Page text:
A celebration of my Streatham Campus life, in haiku by David Smith

A celebration of my Streatham Campus life, in haiku by David Smith

 

(BA Geography, now employed as a Business Intelligence Officer by the University)

 

I first arrived on campus for an undergraduate open day in February 1984. I can’t really remember any of my thousands of subsequent visits that haven’t included a sense of elation and privilege at coming into this wonderful place.

As I’ve now celebrated 30 years’ association with Streatham, I’m aware of how much we have in common with those first staff and students whose 60th anniversary we’re celebrating this year, as well as how much has changed.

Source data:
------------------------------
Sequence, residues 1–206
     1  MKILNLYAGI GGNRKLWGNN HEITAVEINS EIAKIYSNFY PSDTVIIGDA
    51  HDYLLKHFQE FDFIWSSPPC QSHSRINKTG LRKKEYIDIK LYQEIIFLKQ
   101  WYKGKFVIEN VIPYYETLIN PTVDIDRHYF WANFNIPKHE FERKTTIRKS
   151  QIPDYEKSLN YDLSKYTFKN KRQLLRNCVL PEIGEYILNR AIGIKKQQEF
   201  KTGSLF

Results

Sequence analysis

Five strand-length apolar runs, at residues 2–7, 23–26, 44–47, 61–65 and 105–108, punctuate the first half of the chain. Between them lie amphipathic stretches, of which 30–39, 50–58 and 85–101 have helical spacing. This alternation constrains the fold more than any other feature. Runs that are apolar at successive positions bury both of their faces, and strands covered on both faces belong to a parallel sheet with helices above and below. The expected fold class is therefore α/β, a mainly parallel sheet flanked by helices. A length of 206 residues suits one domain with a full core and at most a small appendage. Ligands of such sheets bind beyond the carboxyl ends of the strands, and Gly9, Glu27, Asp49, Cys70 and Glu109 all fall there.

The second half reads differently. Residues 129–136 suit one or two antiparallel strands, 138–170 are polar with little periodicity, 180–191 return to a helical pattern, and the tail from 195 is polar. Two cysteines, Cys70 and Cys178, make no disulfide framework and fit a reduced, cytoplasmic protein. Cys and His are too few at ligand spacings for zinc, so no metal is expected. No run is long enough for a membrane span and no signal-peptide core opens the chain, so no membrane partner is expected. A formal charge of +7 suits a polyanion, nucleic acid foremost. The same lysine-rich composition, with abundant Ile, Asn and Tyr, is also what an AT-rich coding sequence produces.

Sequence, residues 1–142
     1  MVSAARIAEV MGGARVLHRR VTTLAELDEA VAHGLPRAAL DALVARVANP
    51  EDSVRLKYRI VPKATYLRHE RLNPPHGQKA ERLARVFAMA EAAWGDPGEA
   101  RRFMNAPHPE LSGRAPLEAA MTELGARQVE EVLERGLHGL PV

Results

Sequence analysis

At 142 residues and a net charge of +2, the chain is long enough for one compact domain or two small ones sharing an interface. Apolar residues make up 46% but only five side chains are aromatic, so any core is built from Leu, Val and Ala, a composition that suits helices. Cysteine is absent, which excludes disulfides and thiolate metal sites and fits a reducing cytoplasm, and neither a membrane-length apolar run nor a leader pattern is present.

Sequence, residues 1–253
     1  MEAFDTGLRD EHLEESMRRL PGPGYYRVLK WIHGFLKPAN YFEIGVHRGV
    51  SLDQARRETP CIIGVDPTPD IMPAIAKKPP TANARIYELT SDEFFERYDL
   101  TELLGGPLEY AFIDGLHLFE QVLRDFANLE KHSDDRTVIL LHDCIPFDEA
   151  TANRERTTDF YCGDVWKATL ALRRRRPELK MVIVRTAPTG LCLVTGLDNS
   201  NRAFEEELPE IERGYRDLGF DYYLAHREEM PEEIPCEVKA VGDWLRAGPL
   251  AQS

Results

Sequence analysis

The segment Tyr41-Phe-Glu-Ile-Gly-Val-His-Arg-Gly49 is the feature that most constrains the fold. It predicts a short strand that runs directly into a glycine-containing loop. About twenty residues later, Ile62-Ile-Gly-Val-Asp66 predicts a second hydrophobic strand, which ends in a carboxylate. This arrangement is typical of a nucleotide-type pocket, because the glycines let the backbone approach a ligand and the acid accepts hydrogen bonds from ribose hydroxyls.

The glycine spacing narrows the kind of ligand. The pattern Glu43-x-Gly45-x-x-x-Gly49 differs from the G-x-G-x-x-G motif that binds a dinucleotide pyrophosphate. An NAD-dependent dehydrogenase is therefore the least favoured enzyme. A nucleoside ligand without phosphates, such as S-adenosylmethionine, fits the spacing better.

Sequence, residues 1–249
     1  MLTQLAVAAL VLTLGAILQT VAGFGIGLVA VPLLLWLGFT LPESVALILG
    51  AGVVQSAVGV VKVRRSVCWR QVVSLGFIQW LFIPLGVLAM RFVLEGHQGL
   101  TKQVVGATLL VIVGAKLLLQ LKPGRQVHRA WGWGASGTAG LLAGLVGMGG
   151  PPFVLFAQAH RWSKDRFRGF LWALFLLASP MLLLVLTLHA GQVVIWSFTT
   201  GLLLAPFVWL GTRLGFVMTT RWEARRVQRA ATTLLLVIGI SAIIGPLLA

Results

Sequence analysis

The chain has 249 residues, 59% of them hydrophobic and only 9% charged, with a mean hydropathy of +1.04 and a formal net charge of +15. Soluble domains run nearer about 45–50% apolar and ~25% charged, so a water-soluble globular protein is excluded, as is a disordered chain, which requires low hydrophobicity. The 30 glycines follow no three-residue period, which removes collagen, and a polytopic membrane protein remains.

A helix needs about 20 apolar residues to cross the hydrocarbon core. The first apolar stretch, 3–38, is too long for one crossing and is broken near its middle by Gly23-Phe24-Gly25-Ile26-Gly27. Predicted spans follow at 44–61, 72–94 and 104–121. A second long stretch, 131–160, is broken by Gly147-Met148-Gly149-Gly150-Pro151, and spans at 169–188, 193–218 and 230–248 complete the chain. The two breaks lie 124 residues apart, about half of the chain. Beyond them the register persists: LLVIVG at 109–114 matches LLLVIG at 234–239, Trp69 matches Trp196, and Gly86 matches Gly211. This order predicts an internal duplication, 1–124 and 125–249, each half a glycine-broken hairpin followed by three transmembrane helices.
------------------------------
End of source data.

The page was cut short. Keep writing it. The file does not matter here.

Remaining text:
In my piece, I’ve tried to express the joy that familiar campus artifacts or events inspire in me daily. But also the sadness when links to the University’s past, my past, are lost, as Campus necessarily adapts to today’s challenges and opportunities

As an analyst, my job is to reduce masses of information into small, intelligible chunks. So it seemed appropriate to distill my three Streatham decades using an English form of Haiku, the Twitter of the poetry word. I love the discipline of condensing meaning into three lines of 5, 7 and 5 syllables. With apologies to any lovers of ‘proper’ Haiku, I’ve only nodded in the direction of their seasonal theme, in that each tells of the passing of time here. But I have tried to include the ‘aha’ in most, a moment of shared understanding between author and audience.

That was challenging, as they require you to know the sometimes obscure things I’m referring to, so I hope you’ll forgive my inclusion of some images, and a few explanatory comments.

 

Reproduced by kind permission of David Smith
Copyright ©David Smith